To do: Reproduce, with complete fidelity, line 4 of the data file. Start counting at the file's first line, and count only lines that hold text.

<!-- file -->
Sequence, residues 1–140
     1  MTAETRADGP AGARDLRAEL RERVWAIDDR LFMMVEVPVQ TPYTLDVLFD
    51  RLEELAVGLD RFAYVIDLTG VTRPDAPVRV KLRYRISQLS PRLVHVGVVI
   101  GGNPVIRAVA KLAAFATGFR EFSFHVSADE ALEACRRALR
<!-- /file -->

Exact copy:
   101  GGNPVIRAVA KLAAFATGFR EFSFHVSADE ALEACRRALR